By now, everyone on the planet is aware that a substantial price drop has rubbed some of the shine off of Apple’s iPhone. In my July 25 post, I wrote that if the iPhone failed, it would not be because it is a convergence device (as Al Ries contends), but because of flaws in 1-3 of the 4 Ps.
I’m going to revisit what I considered the iPhone’s potential drawbacks with updated commentary.
- “The Product does not live up to its hype, or it is not substantially different than other Smart Phones.”
A beautiful, breakthrough device, the iPhone has a major drawback: it cannot run on AT&T’s fastest cellular data network, which means it is far slower than offerings from competitors Verizon and Sprint. Worse, initial models cannot be upgraded to use the faster networks.
The speed issue is a huge competitive disadvantage, and a clear barrier to switching phones.
Not insuring that the phone can operate at maximum capability is something like selling a Triple Crown winner for dog food – pennies on the pound – instead of raking in millions on stud fees.
- “The Price is too steep (up to $599 is a little pricey for a unique fixer-upper).”
Shortly after the $200 price cut, Steve Jobs wrote, “We can’t wait to get this revolutionary product into the hands of even more customers this holiday season.”
The iPhone was priced too high from the start. Other cell phones usually come cheap or for free because carriers have long subsidized the cost when customers sign up for their services.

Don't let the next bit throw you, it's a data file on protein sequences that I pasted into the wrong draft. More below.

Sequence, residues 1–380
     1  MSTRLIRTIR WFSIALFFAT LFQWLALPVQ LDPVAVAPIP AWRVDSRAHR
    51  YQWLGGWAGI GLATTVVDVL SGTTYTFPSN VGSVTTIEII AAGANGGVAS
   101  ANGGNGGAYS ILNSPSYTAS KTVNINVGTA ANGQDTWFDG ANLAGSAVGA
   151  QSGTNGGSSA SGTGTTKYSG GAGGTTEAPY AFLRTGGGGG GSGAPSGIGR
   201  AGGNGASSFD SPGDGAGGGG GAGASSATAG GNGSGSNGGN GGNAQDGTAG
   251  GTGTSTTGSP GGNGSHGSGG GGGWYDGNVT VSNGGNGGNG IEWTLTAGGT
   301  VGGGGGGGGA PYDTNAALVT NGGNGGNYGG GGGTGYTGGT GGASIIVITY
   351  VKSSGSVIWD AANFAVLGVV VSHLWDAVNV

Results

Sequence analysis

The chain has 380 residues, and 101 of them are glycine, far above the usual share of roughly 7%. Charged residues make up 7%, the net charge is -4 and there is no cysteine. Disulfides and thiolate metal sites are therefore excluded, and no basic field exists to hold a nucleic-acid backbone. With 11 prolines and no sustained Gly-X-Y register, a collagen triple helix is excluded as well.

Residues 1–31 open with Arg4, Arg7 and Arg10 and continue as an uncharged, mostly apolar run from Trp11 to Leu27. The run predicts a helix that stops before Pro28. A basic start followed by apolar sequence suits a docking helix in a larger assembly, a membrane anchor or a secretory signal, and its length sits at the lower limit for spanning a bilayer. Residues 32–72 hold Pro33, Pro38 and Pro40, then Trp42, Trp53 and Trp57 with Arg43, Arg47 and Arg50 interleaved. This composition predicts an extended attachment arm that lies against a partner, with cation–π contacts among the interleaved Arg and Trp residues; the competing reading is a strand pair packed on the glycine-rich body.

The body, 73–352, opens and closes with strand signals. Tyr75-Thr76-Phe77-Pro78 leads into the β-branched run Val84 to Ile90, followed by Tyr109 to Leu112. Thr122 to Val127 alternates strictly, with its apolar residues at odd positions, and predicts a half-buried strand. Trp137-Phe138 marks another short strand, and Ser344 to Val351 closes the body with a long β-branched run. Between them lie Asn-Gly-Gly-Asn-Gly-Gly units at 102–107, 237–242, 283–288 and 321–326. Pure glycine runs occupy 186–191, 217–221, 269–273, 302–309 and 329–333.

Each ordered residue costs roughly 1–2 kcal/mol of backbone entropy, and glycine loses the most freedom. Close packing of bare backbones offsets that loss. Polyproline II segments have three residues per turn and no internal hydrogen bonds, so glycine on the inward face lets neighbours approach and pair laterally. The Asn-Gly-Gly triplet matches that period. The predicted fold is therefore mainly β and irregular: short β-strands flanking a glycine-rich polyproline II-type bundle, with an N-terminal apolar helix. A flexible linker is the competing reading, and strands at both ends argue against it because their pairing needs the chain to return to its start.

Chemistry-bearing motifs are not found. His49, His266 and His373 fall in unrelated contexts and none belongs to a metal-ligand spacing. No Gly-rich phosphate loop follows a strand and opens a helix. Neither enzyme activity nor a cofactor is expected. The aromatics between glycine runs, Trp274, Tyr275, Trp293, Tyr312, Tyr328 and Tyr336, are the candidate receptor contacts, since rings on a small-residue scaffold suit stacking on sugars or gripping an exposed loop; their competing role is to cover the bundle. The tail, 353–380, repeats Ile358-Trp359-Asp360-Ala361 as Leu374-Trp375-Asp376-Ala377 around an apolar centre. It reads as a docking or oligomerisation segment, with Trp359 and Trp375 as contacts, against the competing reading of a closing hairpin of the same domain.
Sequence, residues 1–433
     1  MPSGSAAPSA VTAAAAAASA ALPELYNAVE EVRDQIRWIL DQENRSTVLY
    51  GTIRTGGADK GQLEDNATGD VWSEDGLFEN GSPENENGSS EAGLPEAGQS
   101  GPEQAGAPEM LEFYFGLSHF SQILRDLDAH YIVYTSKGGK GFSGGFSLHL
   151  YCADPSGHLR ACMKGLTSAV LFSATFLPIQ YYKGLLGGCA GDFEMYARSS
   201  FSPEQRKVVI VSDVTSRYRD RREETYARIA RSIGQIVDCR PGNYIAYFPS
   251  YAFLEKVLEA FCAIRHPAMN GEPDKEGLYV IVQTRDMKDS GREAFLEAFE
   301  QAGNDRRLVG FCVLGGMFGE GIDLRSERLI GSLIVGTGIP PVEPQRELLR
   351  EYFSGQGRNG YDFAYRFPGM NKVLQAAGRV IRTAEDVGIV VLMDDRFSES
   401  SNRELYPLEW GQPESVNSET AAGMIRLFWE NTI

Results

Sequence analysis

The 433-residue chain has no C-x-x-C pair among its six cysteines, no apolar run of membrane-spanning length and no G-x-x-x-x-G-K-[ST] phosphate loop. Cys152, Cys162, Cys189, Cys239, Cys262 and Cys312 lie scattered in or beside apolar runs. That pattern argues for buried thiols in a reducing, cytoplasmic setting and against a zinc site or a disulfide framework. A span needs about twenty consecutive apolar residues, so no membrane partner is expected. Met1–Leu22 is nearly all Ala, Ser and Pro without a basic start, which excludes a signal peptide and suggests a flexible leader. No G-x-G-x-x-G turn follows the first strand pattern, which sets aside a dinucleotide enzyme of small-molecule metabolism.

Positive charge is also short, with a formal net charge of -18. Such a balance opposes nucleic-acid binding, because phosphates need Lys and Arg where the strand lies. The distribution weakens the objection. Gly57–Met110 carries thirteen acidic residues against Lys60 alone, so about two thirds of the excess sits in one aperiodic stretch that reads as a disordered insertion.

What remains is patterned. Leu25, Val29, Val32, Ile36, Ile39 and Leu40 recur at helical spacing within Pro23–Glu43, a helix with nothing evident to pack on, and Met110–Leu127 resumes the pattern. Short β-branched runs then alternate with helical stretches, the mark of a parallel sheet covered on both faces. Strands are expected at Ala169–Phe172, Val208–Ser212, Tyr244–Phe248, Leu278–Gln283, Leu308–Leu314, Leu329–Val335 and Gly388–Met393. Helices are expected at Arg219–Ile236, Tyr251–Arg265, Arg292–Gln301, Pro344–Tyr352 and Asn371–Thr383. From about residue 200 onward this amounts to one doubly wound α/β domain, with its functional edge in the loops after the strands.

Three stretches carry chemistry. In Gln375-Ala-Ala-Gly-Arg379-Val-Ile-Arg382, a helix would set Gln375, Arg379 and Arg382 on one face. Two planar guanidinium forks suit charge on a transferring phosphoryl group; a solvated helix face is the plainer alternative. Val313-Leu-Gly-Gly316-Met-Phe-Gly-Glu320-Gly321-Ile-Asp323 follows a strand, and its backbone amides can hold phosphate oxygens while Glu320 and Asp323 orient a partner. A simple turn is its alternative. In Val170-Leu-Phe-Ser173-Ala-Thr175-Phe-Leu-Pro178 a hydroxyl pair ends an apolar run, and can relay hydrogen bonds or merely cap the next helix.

Charging extra for things like Ring Tones created bad buzz as well.
- “Placement becomes an issue due to the exclusivity deal with AT&T.”
There is a double-whammy here. Unless you’re in an area where AT&T (nee Cingular) has excellent coverage, an iPhone purchase is somewhat moot. Further, many Verizon, Sprint, T-Mobile, or other customers will not immediately switch because they are loathe to eat the remaining balances on long-term contracts with their existing providers. Thus, exclusivity becomes a self-inflicted wound to sales by limiting the potential customer base.
- “No one can argue with how Promotion has been handled.”
No one could argue with the pre-launch pub, but Apple has botched their post-price cut PR blitz. The high price, greed gamble, has backfired. Media reports no longer hype how cool the phone is. All the talk now is about “sluggish sales” or the phone’s other potential shortcomings. And, while Steve Jobs’ response to early adoption anger was fairly honest (we want to sell more iPhones), the manner in which he did it has left Apple vulnerable to stepped up assertions of corporate arrogance.
Any product or service – no matter how cool – will ultimately fail when the strategic or tactical approach to the Four Ps is flawed. In the case of the iPhone, gaps in geographical coverage and speed (customer solution), high initial price (customer cost), AT&T Exclusivity (lack of convenience), and poor post-launch PR (communication) bode ill unless immediately addressed. The iPhone can still become the monster success almost everyone envisioned prior to its introduction, but not until Apple realizes that it must do a better job of considering customer need before its own.